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Still, sixteen months after announcing his candidacy, and after twenty-six Presidential debates and thousands of public-speaking engagements, Obama remains a puzzle to many voters. Almost as dedicated a policy wonk as Hillary Clinton and arguably more centrist in his economic beliefs, he offers plenty of specifics about what needs to be done. But his captivating eloquence and his slogan—“Change We Can Believe In”—have seemed to lift him dangerously high above the concrete. He has proved his steadiness of purpose without clearly defining his priorities. What, above all, does he intend to accomplish if he is elected President? . . .
The general consistency of Obama’s policy views—with an occasional bald deviation, as on the public funding of his campaign—is a contrast to John McCain’s erratic shape-shifting. McCain opposed the Bush tax cuts as skewed toward the rich, and unsustainable; now he wants to extend them forever. He co-sponsored a relatively humane immigration bill; now he disowns it. He deplored the torture of detainees at Guantánamo; now he attacks the Supreme Court’s decision granting them the constitutional right to challenge in federal court their continued detention as “one of the worst decisions in the history of this country.” . . .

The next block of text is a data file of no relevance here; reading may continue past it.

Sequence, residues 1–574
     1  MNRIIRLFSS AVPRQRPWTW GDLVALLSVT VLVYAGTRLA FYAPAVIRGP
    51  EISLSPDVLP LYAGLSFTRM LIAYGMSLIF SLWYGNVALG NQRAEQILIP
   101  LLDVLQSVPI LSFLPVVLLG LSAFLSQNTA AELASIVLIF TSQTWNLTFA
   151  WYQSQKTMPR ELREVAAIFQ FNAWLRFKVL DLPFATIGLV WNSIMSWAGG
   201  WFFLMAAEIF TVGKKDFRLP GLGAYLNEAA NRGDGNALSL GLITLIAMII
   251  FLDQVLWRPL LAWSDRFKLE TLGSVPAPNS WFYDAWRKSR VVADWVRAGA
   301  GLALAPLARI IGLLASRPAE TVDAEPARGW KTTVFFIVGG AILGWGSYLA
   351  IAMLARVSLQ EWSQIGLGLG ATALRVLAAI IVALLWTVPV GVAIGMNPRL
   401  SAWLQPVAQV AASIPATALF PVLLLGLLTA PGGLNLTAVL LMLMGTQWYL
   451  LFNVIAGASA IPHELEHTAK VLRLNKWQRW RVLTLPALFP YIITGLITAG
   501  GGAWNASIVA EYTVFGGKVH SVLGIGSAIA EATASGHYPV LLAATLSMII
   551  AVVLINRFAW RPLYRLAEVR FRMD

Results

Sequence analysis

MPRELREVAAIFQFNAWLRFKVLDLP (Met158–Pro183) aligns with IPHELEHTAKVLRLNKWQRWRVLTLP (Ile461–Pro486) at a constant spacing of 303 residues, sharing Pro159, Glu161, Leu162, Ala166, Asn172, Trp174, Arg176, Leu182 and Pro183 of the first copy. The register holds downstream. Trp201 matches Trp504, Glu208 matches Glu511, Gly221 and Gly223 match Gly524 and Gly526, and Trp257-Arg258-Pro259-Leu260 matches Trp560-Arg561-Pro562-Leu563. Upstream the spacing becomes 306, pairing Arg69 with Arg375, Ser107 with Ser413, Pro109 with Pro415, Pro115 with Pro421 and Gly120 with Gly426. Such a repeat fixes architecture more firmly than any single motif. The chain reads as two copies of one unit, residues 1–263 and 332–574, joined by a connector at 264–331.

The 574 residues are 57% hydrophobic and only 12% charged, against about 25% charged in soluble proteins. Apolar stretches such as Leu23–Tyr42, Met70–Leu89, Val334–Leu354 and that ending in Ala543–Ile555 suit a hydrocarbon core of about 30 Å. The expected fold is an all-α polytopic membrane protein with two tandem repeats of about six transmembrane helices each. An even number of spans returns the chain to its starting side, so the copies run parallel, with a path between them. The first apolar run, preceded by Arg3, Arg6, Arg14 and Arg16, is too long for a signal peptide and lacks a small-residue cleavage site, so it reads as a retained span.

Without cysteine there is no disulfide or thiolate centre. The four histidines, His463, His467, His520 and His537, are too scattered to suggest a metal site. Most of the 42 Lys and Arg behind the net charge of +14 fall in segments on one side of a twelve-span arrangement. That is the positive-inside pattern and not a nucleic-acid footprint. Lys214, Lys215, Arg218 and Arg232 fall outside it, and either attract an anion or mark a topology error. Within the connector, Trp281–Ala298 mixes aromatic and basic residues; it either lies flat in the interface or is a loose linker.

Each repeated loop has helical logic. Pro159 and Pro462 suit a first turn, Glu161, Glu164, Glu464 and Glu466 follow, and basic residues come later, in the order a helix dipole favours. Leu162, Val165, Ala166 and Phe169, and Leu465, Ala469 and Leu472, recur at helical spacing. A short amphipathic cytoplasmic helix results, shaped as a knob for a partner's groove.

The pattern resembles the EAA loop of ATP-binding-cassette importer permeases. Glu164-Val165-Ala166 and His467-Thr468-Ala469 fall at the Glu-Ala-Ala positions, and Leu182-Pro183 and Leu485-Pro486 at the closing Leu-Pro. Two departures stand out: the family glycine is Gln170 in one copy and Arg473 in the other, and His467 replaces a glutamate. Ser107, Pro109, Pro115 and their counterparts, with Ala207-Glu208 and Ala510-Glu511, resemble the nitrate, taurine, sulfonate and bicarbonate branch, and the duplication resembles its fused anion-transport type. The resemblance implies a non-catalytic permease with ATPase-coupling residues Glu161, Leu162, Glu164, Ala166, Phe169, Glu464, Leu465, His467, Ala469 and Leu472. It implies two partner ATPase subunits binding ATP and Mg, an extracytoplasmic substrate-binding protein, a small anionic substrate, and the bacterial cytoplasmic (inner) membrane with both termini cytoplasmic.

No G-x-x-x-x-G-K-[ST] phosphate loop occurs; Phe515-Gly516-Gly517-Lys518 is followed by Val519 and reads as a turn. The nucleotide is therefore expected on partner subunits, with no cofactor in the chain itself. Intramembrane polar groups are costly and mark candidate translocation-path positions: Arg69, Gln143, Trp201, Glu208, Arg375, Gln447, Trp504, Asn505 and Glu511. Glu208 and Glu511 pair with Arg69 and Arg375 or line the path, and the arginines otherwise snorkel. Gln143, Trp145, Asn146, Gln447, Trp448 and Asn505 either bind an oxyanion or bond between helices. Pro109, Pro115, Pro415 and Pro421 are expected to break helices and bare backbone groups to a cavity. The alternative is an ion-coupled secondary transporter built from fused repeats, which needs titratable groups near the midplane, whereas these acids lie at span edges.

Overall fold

Obama promises to tell voters what they need to know and not what they want to know. It’s a risky strategy, and one he doesn’t always follow, but when he put it into effect in April, by attacking McCain’s proposed summer gasoline-tax holiday, he helped his campaign more than he hurt it. Last week, he denounced McCain’s latest reversal, on offshore drilling. But he needs to go further. A year ago, he likened “the tyranny of oil” to that of Fascism and Communism, saying, “The very resource that has fueled our way of life over the last hundred years now threatens to destroy it if our generation does not act now and act boldly.” This is the kind of unequivocal message that Obama needs to develop. By telling just such inconvenient truths, Al Gore has inspired a worldwide movement to arrest climate change. The next President could be its most powerful leader. Obama will not rouse voters by getting lost in a tussle with McCain over the virtues of cellulosic ethanol. He can, however, make voters part of the solution by helping them understand that the greedy oil companies, the failing auto industry, and the craven Congress will not redeem themselves until consumers demand that they do so by making some inconvenient changes of their own. A little more audacity will yield a lot more hope.